Whatever you say to yourself in the morning, it will most likely come true during the day. Why not taking advantage of it? Create a simple morning phrase and say it to yourself first thing in the morning. It’s that simple.
But there?s a trick here: you have to make your phrase realistic, empowering and easy to remember. If you just set yourself up to unrealistic things in the morning, the day will follow. A morning phrase should be practical and plausible.
It should also be simple enough to recall at any given time during the day. Try make it the first thing you read in the morning, until you learn it by heart. Then pick another one and then another one.
A morning phrase will actually make you write the story of your life, word by word.
How To Make A Morning Phrase
There is a certain feeling of embarrassment when it comes to saying things out loud to yourself. I totally understand that. Especially when you do this first thing in the morning. It feels awkward.
But it’s effective.
You know, I’m not a big fan of affirmations. I’m very aware about the fact that there’s an entire “industry” out there thriving on positive affirmations, but I’m not a fan of it.
But I’m also not a fan of electricity. Or a fan of the air that I’m breathing.
Yet, I use them. I’m not excited about electricity or about the air I’m breathing, but I used them practically all the time.
Same thing with affirmations. They just work. We have a mind wired in such a way that, eventually, whatever you say to yourself will become true.
So, how to make a morning phrase? Start every evening with just three things you want to accomplish tomorrow. Just three. Doesn’t matter if they’re business related or family related, if they’re spreading across many days or just for a few hours. Imagine three things you absolutely want to do, somehow, tomorrow. Then combine them.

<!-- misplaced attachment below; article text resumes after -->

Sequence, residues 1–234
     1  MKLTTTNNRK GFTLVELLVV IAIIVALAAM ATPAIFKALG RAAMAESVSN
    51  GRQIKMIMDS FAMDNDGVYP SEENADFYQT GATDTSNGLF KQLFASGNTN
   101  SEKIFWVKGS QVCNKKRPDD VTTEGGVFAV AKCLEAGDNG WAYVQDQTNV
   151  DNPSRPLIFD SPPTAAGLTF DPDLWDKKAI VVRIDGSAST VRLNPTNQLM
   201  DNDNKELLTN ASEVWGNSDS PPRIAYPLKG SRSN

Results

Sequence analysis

Here’s an example: suppose tomorrow I want to have a business meeting, to see my daughter and, before, all of these, to run in the morning. A morning phrase could be: “I’m going to have a great run, enjoy time with my daughter and solve that business thing.”. That’s it. Then I’ll just put it as a label to my morning alarm, on my smartphone. If you’re not using smartphone, put it near the alarm clock, somewhere where you can’t miss it.
The first thing I’ll see next morning will be that phrase. Can’t miss it. I will be forced to see it. I may have thoughts about it, I may feel in a certain way about it, but I will not miss it. It will be impregnated in my my brain for the entire day.
If you really want to go overboard with this, set 3 alarms during the day with the same text. Again, in order to shut off the alarm, you’ll see the text again.
Don’t underestimate this. A silly, almost dumb thing like this can have a huge impact on your day.
Try it for a few weeks and see how you feel.
Running For My Life - from zero to ultramarathoner
The spooky thing about depression is that it sneaks in. There aren’t really trumpets and loud voices announcing: “Hail, hail, this is depression entering the room, all rise!” Nope. It’s slow, silent, creepy. It doesn’t even look like depression. It starts with small isolation thoughts like: “Maybe I shouldn’t get out today, I just don’t feel like going out”. And then it does the same next day. And then the day after that and so on. And then it starts to whisper louder and louder in your ears: “Why would you go outside, you loser? Didn’t have enough yet? Want more people to make fun of how much of a big, fat loser you are?”
And then you start to breath in guilt and shame, instead of air. Every breathe you take is putting more dark thoughts into your body.
Until you get stuck. You can’t move anymore. At all.
If you want to know how I got out of this space, eventually, check out my latest book on Amazon and Kindle.